Clearly, patients need the reassurance that services will be safe and the Minister for Health must consider a range of options to treat cancer patients in a safe and accessible environment.
All options must be looked into, including designating hospitals to treat these patients completely separately from Covid-19 patients in Coronavirus-free settings.
Primary care services must be maintained. We cannot let the treatment of one set of patients suffer while we tackle the illness of another group, however unprecedented the circumstances.
Support & Advice for Employees and Employers
The Welsh Government have an updated business support page here.
The CIPD’s Coronavirus Hub is also updated daily with employee and employer guides on different policy and practice, and a series of webinars on a variety of COVID-19 related people practice and guidance.
I also regularly scrutinise the Minister for Economy & Infrastructure during the virtual plenary sessions of the Welsh Parliament which are taking place. You can read our latest exchange here.
Economy & Finance - Extension of Furlough Scheme
I welcome the announcement from the Chancellor, Rishi Sunak MP, that the furlough scheme will be extended for a further four months.
This is clearly a shot in the arm for the 7.5 million UK employees currently covered by the scheme, and shows the UK Government’s level of backing for people hit by the pandemic. It’s a measured, sensible approach, too. We know that the lockdown will ease and that a gradual approach to returning to normal life will, in fact must, return at some point.
The Chancellor and the UK Government are not rushing, and that is the right course of action.
Economy & Finance - Launch of "Bounce Back" Loans
Small businesses are now able to apply for quick and easy-to access loans from accredited lenders of between £2,000 and £50,000 at an affordable rate of 2.5% interest, to make it through the Coronavirus outbreak.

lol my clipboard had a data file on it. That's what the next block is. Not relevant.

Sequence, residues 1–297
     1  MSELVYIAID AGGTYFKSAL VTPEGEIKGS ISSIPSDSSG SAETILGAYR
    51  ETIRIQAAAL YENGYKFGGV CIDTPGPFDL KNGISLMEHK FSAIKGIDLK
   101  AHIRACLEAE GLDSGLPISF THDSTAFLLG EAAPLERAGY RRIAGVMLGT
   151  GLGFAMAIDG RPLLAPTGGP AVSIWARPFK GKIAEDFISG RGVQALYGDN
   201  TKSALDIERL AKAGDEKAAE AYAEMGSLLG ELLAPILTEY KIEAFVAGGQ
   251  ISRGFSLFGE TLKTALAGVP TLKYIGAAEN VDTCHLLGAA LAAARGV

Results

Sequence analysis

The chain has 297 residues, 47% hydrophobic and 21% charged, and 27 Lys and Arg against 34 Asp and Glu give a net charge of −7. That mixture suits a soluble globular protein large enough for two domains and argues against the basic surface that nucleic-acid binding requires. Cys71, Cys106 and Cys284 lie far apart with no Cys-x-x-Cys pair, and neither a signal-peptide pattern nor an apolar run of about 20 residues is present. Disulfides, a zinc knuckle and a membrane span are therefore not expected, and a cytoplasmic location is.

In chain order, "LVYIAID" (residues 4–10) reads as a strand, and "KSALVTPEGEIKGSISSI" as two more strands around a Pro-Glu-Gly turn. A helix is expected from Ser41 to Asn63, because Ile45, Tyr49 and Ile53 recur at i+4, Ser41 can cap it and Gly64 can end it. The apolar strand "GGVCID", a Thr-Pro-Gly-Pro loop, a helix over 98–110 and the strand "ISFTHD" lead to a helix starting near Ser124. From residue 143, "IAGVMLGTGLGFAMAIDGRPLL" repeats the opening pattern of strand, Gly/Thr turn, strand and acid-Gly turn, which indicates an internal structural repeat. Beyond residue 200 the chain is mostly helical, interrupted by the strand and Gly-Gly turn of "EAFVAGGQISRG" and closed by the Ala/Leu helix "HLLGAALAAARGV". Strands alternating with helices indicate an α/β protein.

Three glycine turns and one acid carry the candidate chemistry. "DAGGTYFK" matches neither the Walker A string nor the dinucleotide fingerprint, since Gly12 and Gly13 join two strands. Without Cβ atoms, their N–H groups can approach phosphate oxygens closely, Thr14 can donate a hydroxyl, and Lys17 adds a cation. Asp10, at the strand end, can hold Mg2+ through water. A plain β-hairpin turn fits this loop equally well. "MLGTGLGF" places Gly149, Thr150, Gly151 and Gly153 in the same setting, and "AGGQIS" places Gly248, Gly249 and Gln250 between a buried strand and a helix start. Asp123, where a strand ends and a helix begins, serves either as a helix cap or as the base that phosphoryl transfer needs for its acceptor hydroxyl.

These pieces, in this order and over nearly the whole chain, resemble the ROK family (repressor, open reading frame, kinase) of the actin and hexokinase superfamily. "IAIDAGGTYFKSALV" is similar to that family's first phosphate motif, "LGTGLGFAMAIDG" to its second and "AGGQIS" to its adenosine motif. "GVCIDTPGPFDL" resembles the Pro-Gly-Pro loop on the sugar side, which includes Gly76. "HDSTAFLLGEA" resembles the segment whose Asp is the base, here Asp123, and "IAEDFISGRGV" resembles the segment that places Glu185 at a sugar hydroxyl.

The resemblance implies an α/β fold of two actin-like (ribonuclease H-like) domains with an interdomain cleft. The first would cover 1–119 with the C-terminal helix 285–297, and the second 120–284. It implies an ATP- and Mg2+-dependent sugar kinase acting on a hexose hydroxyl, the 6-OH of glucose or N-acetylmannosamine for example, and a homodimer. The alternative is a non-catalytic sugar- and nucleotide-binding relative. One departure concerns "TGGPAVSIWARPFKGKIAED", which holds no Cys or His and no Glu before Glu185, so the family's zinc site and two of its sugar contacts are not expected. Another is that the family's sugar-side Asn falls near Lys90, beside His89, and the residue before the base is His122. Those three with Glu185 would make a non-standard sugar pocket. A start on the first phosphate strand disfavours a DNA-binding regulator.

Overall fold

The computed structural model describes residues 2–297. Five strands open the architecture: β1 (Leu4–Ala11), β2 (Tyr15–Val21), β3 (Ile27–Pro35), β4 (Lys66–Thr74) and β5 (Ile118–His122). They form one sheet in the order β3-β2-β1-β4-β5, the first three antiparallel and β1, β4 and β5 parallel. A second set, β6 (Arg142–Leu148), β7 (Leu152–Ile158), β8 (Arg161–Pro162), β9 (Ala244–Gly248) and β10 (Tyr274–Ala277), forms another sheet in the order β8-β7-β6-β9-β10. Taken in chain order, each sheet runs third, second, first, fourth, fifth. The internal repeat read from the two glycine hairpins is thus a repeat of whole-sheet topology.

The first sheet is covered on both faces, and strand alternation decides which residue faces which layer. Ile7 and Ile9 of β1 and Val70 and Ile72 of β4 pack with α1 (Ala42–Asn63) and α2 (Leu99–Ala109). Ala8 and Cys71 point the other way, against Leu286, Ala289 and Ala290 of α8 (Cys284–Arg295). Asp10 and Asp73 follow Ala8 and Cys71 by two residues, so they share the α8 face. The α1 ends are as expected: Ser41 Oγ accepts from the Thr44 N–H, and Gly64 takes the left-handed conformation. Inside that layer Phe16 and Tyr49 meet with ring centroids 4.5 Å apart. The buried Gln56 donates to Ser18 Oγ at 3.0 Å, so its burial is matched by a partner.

Any business that has already taken out a Coronavirus Business Interruption Loan of £50,000 or less can apply to have these switched over to this new scheme.
The UK Government will provide lenders with a 100% guarantee and cover the cost of any fees and interest for the borrower for the first 12 months. No repayments will be due during this period to enable firms to get back on their feet. The loans are available through a network of lenders, including the five largest banks.
Economy & Finance - Calls for a Self-Employed Hardship Fund
I have called on the Welsh Government to introduce a Self-employed Hardship Fund to help those people who are missed by the various Covid-19 business support packages.
I have also continued to call on the Welsh Government to amend business grants to ensure those businesses that don’t meet the eligibility criteria don’t continue to fall through the gaps and get the support they deserve at this time. Crucially, companies had to be VAT registered in order to obtain support which not all small and micro businesses are due to their size.
Businesses come in all shapes and sizes which has made ensuring support for everyone at this time has been difficult. However, I’d like to see the Welsh Government follow the example of elsewhere in the UK to introduce a hardship fund for those people who have been recently self-employed, or that being self-employed has now become their full-time status which currently excludes them from support.